Buy cheap international phone cards online
from to
 
 
 
 
↓ All Services Of Phone Cards Shop
   
 
 

Best Rates Phone Cards from:

Albania
Angola
Argentina
Armenia
Australia
Austria
Belarus
Belgium
Bermuda
Bolivia
Botswana
Brazil
Brunei
Bulgaria
Cambodia
Canada
Chile
China
Colombia
Costa Rica
Croatia
Cuba Guantanamo
Cyprus
Czech Rep.
Denmark
Dominica
Ecuador
Egypt
El Salvador
Estonia
Fiji Isl.
Finland
France
French Antilles
French Guiana
Georgia
Germany
Ghana
Gibraltar
Greece
Guadeloupe
Guam
Guatemala
Haiti
Hong Kong
Hungary
Iceland
India
Indonesia
Iraq
Ireland
Israel
Italy
Ivory Coast
Jamaica
Japan
Kazakhstan
Kenya
Korea South
Kuwait
Latvia
Liechtenstein
Lithuania
Luxembourg
Macao
Macedonia
Malawi
Malaysia
Malta
Mauritius
Mexico
Monaco
Nepal
Netherlands
New Zealand
Nicaragua
Nigeria
Norway
Oman
Pakistan
Palestine
Peru
Philippines
Poland
Portugal
Puerto Rico
Qatar
Romania
Russia
Saudi Arabia
Senegal
Serbia
Singapore
Slovakia
South Africa
Spain
Sri Lanka
Sudan
Suriname
Swaziland
Sweden
Switzerland
Syria
Taiwan
Tajikistan
Tanzania
Thailand
Turkey
Uganda
United Kingdom
Ukraine
Uruguay
Unated States
Uzbekistan
Vatican
Venezuela
Yemen
Zambia
Zimbabwe

Immigrants lose millions in calling card ripoffs


13/11/2007

STUDY | Per minute cost 87% higher than advertised

MIAMI They can be seen hanging behind the counter at the minimart, those brightly colored phone cards for calling Latin America, Africa and Asia. Often, they are the only reliable way for immigrants to stay in touch with their families.

But many buyers are being ripped off to the tune of millions of dollars a year.

Some cards fail to deliver the promised minutes. Others tack on confusing fees that may not be listed in the microscopic print on the back of the card. Still others round up each call to the nearest threeminute mark.

Sometimes they give you all the minutes. Sometimes they dont. Then you have to switch to a new card, said Augusto Revolorio, a Miami Beach grocery stocker. He buys the $2 or $5 cards regularly to call his mother and four brothers in Guatemala. It costs me more to complain on the phone and be late for work, so I just rip up the card and buy a new one.

A 2004 study led by University of Georgia economics professor emeritus Julia Marlowe found that the costperminute rates for prepaid calling cards were on average 87 percent higher than those advertised.

Because many immigrants like Revolorio dont have time or are afraid to go to authorities to complain and the money they lose per card is small little has been done to crack down.

Every time I check, the telecommunications industry is a highly regulated industry. This one they dont want to regulate, said Gus West, head of the nonprofit Hispanic Institute in Washington, D.C.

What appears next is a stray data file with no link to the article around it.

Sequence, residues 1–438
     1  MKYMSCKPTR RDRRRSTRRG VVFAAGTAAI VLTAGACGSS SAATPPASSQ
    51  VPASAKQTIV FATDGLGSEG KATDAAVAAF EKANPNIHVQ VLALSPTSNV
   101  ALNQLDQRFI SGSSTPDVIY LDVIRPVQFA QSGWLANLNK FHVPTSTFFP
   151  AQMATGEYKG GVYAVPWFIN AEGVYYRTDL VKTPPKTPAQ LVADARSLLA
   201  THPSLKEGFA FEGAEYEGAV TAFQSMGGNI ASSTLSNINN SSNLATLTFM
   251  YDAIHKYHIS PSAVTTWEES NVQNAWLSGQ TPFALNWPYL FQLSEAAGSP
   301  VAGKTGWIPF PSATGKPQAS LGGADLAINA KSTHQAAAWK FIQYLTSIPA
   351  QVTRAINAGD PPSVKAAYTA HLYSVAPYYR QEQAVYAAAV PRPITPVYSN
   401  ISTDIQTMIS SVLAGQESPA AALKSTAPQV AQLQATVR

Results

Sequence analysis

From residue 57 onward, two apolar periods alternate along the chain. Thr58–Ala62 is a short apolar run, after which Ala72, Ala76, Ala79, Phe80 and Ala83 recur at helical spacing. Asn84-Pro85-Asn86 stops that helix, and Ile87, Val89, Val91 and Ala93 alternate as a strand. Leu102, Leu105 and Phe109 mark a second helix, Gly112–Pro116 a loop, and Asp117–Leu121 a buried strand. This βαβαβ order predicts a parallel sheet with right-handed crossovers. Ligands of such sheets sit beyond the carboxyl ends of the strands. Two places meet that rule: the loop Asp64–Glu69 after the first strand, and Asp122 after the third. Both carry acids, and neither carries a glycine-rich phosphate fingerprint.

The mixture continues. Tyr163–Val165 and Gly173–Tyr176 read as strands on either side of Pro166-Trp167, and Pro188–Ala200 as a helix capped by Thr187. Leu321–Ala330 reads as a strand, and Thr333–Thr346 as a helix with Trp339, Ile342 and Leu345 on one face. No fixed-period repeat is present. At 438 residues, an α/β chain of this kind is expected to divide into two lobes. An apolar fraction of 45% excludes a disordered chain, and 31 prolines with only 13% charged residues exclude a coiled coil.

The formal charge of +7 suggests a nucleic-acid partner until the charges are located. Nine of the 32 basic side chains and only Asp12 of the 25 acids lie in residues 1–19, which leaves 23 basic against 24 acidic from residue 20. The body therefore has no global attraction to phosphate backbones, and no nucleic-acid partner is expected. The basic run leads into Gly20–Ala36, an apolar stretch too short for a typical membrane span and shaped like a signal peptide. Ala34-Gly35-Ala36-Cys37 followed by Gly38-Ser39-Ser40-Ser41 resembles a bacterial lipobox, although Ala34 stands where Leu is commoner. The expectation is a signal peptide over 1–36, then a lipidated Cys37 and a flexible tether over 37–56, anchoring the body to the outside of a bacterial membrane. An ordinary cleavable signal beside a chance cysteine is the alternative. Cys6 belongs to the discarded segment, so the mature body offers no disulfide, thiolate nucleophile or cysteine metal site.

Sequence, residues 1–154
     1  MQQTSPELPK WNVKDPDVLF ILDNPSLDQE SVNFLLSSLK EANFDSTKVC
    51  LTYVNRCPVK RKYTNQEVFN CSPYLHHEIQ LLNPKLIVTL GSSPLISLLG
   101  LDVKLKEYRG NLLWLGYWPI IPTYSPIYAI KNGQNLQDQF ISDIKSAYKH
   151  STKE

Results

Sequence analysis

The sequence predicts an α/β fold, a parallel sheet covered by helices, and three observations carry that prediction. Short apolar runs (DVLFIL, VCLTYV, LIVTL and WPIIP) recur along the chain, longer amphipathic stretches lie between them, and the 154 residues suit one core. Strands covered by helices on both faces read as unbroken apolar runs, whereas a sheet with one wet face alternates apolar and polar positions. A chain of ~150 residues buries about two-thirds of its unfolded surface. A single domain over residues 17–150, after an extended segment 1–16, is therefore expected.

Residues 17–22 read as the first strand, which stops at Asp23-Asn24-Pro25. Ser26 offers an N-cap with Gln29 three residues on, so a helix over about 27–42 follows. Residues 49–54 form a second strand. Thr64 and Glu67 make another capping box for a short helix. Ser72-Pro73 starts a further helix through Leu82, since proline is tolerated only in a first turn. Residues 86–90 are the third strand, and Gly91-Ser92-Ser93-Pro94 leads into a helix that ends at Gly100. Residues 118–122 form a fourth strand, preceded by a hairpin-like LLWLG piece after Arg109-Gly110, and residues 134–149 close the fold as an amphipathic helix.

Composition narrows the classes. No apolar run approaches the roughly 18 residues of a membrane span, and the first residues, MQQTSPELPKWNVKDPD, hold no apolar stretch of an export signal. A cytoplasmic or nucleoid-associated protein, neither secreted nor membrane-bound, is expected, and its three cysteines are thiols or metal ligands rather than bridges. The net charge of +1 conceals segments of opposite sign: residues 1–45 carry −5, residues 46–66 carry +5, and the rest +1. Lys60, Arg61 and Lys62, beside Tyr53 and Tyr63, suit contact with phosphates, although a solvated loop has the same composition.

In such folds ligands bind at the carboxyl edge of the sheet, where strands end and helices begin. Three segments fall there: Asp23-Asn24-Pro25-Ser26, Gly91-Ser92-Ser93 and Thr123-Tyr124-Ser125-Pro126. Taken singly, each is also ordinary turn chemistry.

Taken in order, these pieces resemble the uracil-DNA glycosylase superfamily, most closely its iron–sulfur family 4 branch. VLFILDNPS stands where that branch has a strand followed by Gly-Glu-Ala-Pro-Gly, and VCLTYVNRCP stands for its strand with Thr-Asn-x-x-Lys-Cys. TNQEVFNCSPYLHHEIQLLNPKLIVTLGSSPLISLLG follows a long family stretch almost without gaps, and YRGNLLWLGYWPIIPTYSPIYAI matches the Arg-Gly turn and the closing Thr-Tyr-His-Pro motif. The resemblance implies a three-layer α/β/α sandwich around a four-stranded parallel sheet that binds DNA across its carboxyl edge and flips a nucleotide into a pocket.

Thats starting to change. In the last year, attorneys general in Florida, California and several other states have begun to take a closer look at the phone card industry, as has the Federal Trade Commission. In October, Rep. Eliot Engel (DN.Y.) introduced legislation to regulate the business.

Engels bill would require standardized disclosures of all charges on the back of the card or in ads, ensure companies provide promised minutes and prohibit charges for unconnected calls.

The push comes partly from an unlikely source communications giant IDT Corp. The Newark, N.J., company settled its own decadelong classaction lawsuit in January over allegations it failed to disclose its charges adequately. Now, it is leading the call for regulation at the state and federal level.

The most popular cards among immigrants and the ones least likely to deliver promised minutes are those offering super cheap rates to countries such as Mexico, Guatemala, Haiti and India.

Norbert Dominguez of Miami said he buys about six $10 cards a month to stay in touch with his mother and 4yearold daughter in Cuba. Each card promises 18 minutes but usually delivers closer to 12, he said. Thats an actual cost of about 83 cents a minute, vs. the promised 55 cents. Still, it is cheaper than the typical longdistance telephone rate of $1.15 a minute.

Its the cheapest way to call because other ways are very expensive, but in the end, theyre still swindling us, Dominguez said.

Dominguez said he has complained with little success. They give you a customer service rep, but its never someone with authority, he said. AP



 

Related News

 
Shell Collects Consumer Info With Calling Card Promotion
07/11/2007
Shell, in a seemingly innocent effort to give away a free phone card valued at $2 to students away from home during the Chinese New Year, has, according to Tian, distributed promotional pieces around the Arizona State University campus. In order to redeem the offer,...
 
Canadian Competition Bureau cracks down on prepaid calling card companies
27/03/2008
Government crack downs on the prepaid industry are not isolated to the United States. North of the border, the Government of Canada`s Competition Bureau has started an initiative to ensure accurate disclosure of information from prepaid calling card providers.We have...
 
FTC takes aim at prepaid calling card giant (CTA or or the Clifton Telecard Alliance)
07/04/2008
The Federal Trade Commission today asked a U.S. district court judge to halt to the alleged illegal practices of CTA or the Clifton Telecard Alliance, a major distributor of prepaid calling cards in the US. The FTC charges that CTA misrepresents the number of calling...
 
Fla. gets settlement with calling card companies
13/06/2008
Residents who use prepaid calling cards can stop worrying about being cheated on their minutes.Florida Attorney General Bill McCollum announced Wednesday that the state has reached a settlement with nine calling-card companies. The companies must cease deceptive...
 
 
 
 
 
  © 2008 PhoCard.com
News | Articles | Sites | Help and FAQ | Legal | References | Affiliate | Country Codes | Contact Us